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Wednesday, February 22, 2012

Fears grow of humanitarian crisis in Homs

Fears are growing that parts of the Syrian city of Homs is on the verge of a humanitarian catastrophe, with activists saying the lack of food and water is almost as great a threat as the violence.
Heavy shelling was reported in the city's Bab Amr neighbourhood for an 18th day on Tuesday. Activists said dozens of people were killed.
Hadi al-Abdallah, an activist in Homs, described the humanitarian situation as "catastrophic".
"Water has been cut off from Bab Amr for 18 days," he told Al Jazeera. "There's no electricity, cooking oil or even bread. Many people are literally on the brink of starvation.
"People have fled their homes in fear of being bombed. They took refuge in a mosque, and there they were bombed too."
Shortage of medicine
The Homs Revolutionary Council reported a shortage of medicine, and said a large number of killed civilians were buried under the rubble of buildings damaged in the shelling.
In the nearby Inshaat neighbourhood, the council said security forces, supported by the army and by armoured vehicles, had carried out house raids and arrests.
Bab Amr is a stronghold of the armed opposition, but activists say most of those killed in the assault on the area are civilians.
The Local Co-ordination Committees says about 3,000 people have been killed in Homs province since the uprising began in March last year. The activist network says more than 8,000 people have been killed nationwide.
Official media said government forces were targeting "armed terrorist groups who have been terrifying citizens and attacking security forces and robbing public and private property".
State-run news agency SANA cited residents of Homs saying food and services were available and that reports claiming the opposite were "lies".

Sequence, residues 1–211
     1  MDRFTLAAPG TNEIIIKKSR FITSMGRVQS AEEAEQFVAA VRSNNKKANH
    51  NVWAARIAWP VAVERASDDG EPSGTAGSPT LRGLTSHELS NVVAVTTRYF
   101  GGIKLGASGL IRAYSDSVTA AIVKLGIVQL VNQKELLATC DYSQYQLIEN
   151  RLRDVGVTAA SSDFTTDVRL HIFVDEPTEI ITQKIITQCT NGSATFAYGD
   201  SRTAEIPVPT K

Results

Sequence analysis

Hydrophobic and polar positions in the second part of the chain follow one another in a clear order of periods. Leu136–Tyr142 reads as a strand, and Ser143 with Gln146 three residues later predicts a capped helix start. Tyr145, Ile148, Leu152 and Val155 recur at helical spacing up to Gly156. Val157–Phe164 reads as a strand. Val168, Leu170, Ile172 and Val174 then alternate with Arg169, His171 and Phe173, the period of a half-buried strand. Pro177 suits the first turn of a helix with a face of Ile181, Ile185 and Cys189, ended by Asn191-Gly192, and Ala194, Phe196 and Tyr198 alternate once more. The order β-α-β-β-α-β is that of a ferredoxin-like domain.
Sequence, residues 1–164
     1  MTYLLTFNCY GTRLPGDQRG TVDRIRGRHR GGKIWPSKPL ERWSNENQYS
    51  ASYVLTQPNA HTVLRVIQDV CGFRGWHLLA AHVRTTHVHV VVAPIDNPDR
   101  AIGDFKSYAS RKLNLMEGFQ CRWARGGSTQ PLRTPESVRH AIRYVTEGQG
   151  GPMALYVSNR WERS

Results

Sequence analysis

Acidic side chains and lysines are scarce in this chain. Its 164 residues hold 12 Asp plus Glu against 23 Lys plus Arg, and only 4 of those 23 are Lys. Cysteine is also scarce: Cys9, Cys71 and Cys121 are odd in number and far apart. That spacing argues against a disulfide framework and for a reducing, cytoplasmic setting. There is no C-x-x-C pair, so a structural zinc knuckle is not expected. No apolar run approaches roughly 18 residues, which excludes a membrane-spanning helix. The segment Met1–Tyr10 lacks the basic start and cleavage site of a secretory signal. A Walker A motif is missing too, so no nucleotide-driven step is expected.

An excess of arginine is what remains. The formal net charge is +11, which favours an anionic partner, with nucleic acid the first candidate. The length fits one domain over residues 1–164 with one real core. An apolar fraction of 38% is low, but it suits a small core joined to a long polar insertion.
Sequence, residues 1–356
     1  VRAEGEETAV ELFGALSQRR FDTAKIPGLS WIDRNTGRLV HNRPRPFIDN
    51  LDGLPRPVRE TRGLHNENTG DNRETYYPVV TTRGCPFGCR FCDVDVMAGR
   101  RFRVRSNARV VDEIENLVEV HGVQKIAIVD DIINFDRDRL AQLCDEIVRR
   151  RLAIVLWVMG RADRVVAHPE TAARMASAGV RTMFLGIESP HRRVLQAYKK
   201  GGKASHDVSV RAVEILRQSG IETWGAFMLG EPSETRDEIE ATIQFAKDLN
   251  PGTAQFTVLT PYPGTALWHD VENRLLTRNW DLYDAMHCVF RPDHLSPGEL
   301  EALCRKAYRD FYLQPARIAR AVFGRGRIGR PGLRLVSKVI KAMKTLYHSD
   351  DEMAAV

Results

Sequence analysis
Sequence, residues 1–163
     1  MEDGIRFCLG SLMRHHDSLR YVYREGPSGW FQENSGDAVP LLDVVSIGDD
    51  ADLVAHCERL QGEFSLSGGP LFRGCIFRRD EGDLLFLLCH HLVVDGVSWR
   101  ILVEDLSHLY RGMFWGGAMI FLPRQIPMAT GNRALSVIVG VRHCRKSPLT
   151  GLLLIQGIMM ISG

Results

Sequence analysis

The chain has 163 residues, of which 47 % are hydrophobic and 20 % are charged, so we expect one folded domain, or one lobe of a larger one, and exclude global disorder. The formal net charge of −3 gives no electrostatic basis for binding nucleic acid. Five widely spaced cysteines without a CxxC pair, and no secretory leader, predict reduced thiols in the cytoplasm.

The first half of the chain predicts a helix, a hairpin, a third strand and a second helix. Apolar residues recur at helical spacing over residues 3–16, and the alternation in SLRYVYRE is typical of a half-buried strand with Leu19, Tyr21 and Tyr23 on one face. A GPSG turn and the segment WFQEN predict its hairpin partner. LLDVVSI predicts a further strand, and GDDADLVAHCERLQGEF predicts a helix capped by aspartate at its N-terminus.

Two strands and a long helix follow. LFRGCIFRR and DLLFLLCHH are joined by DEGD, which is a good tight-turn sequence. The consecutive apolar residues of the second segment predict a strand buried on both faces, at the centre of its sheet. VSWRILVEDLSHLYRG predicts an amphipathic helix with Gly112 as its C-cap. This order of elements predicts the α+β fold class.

US warns of 'additional measures'
Meanwhile, US officials signalled that arming Syrian opposition fighters could be an option if a political solution to the crisis cannot be reached.
"We still believe that a political solution is what's needed in Syria," said Jay Carney, the White House spokesman.
"We don't want to take actions that would contribute to the further militarisation of Syria, because that could take the country down a dangerous path. But we don't rule out additional measures."
Asked if the US was shifting its stance on arming the fighters, Victoria Nuland, spokeswoman for the US state department, said Washington did not want to see the violence increase and was concentrating on political efforts to halt the bloodshed.
"That said ... if we can't get Assad to yield to the pressure that we are all bringing to bear, we may have to consider additional measures," she said, declining to elaborate.
Hillary Clinton, the US secretary of state, will attend talks on Syria in Tunisia on Friday and Saturday at a meeting of the "Friends of Syria" group.
Clinton's involvement is "part of our ongoing efforts with our friends, allies and the Syrian opposition to crystallise next steps to halt the slaughter of the Syrian people and pursue a transition to democracy in Syria," the state department said in a statement.
Russia, a longtime supporter of president Bashar al-Assad, has said it will not take part in the Tunis talks. China, which joined Russia in vetoing UN Security Council resolutions on Syria, has not announced whether it will participate.
Al Jazeera and agencies

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